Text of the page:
REPORT FROM THE U.S.—The Blackstone Group’s purchase of the Motel 6 and Studio 6 brands will most likely accelerate capital-expenditure requirements for franchisees, but owners flying the Motel 6 flag don’t necessarily see that as a bad thing.
At least two Motel 6 franchisees are looking forward to speeding up renovation requirements and will be looking to Blackstone to invest capital in the corporate-owned assets as well.
“The good thing is all the corporate-owned properties will be rehabbed. It will have a bigger impact,” said Harshad Patel, who owns and operates 35 Motel 6 locations across the United States. “That’s what we, as franchisees, are looking forward to.”
“(Franchisees are) going to want to keep up,” added Jim Sortino, who owns and operates two Motel 6 hotels—one in Milan, Ohio, and one in Huron, Ohio—as well as other economy and midscale brands.
Both franchisees said they are excited about the fresh start Blackstone will give the Motel 6 brand. Sortino said he likes Blackstone because the company both owns and operates, meaning “they have skin in the game.”
Harshad was skeptical when the deal was first announced. He’s been an Accor franchisee for 17 years and the Accor team “was part of my family,” He said. However, after learning more about Blackstone as an owner-operator, mostly through family members and colleagues who own and operate other Blackstone-owned franchises, Harshad is excited for Motel 6’s future.
Blackstone also owns the LaQuinta Inns and Suites brand, Hilton Worldwide and Extended Stay America, among others.
Both Harshad and Sortino said they hope the Motel 6 executive management team stays on with Blackstone.
“Accor has an open-door policy. When we had meetings or needed answers to questions we didn’t have to wait to hear back,” Sortino said. “I think Blackstone operates the same way. My friends have some LaQuintas, and they’ve been very pleased with Blackstone. It sounds like they’re on the same caliber.”
Harshad said he’s also heard from LaQuinta franchisees that Blackstone is engaged with their partners.
“They’re as good or better than Accor is. That’s basically what it all boils down to,” he said.
The first newly built Motel 6 “Phoenix” prototype, featuring new interior and exterior design, opened in October 2009. With new construction stalled during the downturn, Accor began requiring owners to install features of the Phoenix prototype when property-improvement plans were due or when owners converted to Motel 6 from outside brands.
Harshad said he’s completed Phoenix upgrades at some of his properties and plans to upgrade the rest soon. Sortino said one of his properties received the full Phoenix renovation while the other received a “midscale Phoenix” upgrade.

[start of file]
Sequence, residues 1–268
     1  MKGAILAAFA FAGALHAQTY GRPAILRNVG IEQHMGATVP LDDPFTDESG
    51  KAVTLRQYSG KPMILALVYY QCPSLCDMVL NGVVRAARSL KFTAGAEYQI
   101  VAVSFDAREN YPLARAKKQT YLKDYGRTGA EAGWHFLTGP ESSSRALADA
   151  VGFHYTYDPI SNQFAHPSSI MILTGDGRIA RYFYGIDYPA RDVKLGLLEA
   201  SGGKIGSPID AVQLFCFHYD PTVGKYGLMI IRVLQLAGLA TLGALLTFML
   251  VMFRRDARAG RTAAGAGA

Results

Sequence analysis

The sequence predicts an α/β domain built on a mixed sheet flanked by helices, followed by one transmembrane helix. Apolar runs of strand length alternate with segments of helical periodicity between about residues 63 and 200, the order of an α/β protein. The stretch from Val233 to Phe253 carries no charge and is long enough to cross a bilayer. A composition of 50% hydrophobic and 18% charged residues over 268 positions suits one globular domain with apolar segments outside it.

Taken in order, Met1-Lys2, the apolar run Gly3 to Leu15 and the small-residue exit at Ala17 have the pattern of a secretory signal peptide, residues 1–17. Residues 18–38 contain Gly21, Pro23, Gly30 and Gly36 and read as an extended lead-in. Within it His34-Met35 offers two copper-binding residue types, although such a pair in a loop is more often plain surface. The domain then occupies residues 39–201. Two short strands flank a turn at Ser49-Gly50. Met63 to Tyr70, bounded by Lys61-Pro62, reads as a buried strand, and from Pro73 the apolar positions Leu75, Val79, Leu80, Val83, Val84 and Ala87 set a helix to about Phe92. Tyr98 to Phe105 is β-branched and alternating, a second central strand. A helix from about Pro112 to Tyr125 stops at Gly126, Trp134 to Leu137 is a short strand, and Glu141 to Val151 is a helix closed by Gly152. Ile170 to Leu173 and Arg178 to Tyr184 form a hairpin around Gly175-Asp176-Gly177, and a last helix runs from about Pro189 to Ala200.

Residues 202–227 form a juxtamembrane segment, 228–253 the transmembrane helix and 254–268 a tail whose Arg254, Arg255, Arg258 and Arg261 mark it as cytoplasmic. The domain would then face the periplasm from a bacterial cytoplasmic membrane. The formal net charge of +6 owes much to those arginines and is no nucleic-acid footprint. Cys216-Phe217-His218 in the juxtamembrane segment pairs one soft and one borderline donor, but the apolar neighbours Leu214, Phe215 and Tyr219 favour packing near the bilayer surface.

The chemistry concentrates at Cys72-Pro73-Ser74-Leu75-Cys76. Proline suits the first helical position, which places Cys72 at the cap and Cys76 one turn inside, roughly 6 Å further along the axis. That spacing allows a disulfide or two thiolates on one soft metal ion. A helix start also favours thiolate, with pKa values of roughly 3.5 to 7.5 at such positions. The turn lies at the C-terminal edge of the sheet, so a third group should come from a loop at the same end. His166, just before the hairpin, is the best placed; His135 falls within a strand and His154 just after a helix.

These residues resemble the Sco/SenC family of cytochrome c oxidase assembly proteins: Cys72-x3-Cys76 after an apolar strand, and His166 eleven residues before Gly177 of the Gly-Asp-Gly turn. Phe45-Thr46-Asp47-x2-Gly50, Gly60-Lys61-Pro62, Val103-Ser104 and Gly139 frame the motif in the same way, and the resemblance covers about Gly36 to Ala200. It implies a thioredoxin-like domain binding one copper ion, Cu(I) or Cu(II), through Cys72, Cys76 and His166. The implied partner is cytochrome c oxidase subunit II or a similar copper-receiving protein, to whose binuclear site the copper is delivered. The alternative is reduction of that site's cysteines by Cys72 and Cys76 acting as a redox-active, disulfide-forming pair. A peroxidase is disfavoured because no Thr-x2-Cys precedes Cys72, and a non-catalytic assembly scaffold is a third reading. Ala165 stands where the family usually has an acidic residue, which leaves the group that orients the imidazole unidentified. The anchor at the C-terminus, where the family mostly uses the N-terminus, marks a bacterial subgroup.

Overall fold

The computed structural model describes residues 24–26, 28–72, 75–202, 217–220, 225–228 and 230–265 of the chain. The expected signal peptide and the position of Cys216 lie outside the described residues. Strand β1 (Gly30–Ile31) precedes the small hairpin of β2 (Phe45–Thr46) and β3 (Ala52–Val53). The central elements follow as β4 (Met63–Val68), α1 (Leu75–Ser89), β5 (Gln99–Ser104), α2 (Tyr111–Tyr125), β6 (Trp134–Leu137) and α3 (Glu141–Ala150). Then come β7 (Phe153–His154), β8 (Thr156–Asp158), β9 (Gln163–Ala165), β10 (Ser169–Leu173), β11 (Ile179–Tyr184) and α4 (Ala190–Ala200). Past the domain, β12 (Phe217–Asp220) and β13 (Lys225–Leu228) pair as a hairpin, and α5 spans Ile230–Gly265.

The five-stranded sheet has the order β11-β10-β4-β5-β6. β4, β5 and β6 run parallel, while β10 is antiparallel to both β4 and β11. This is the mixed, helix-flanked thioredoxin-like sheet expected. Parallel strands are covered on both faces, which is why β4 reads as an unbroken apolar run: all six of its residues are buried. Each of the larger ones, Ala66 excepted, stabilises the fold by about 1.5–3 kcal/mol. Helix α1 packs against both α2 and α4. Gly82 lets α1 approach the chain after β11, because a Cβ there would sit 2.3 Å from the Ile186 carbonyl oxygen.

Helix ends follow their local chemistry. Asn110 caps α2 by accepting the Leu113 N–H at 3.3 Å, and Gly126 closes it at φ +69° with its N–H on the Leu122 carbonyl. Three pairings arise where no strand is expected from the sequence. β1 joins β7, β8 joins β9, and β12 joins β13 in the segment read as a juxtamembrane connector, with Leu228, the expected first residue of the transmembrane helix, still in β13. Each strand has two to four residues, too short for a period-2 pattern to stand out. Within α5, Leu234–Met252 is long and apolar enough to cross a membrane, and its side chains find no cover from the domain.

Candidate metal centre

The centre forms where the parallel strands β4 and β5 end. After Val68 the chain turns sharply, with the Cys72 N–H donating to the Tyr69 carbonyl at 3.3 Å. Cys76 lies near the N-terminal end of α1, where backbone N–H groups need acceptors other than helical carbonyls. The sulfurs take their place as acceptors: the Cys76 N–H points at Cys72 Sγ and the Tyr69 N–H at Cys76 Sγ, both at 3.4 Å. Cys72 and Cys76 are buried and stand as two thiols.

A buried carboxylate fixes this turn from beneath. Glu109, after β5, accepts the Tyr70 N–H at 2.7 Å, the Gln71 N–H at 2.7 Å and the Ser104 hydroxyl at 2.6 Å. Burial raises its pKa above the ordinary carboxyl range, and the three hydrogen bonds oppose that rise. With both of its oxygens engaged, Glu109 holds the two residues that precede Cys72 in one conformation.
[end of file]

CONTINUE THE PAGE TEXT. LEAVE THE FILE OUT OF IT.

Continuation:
Both franchisees said the upgrades impacted hotel performance positively.
“I’ve seen major impacts on the occupancy, (average daily rate) and (revenue per available room), the whole nine yards. It has provided a big impact,” Harshad said. “New Phoenixes will take us to a new level.”
“We’ve seen a better efficiency in how we’re cleaning our rooms,” Sortino added. “Now you’re using a hardwood floor so you’re seeing time savings. The customer had given good feedback, and repeat business has gone up tremendously.”
ADR “has jumped $5 or $10,” Harshad said. “Once we have the new Phoenix in the entire system, it will be very good overall. I would rank Motel 6 right up there (with other brands) in terms of bottom line.
Changes at the top?
Jim Amorosia was appointed CEO of the Motel 6 and Studio 6 brands following Olivier Poirot's decision to leave the company in October 2011. Amorosia has been with the Motel 6 brand for 27 years, most recently serving as COO of the two brands since 2004. When Poirot left, Amorosia became the first American to lead an Accor brand.
After Poirot’s departure and a subsequent announcement from Accor that the focus will turn to expanding the Ibis brand, some questions were raised about the future of Motel 6 and Studio 6. Amorosia was quick to point out his continued commitment.
“We’re absolutely committed to the growth of the brand,” he told HotelNewsNow.com in September 2011. “I’m certainly committed to the plans and the expectations of me from Accor.”
Amorosia said last week during the NYU International Hospitality Industry Investment Conference that the Motel 6 management team will stay in place at least through the close of the deal. It’s more than likely, he said, that Blackstone will keep him and his colleagues on board to lead the team, saying “there is no one with more expertise with the Motel 6 philosophy than the current team in place, including myself with 27 years with the brand.”
But whether Blackstone sees some synergies with its other hotel brands and opportunities to reduce labor costs remains to be seen. The Studio 6 brand will align closely with the Extended Stay America brand and, while Amorosia said the brands will be in different stand-alone pools and will be managed separately, Harshad said he wonders if the two brands could merge.
“I’m looking forward to doing business with Blackstone—not only my current locations but I want to add locations,” he said. “They are a good company to do it with. The brand will have an overall better impression with consumers because Blackstone is going to put some (capital expenditure) money into the properties.”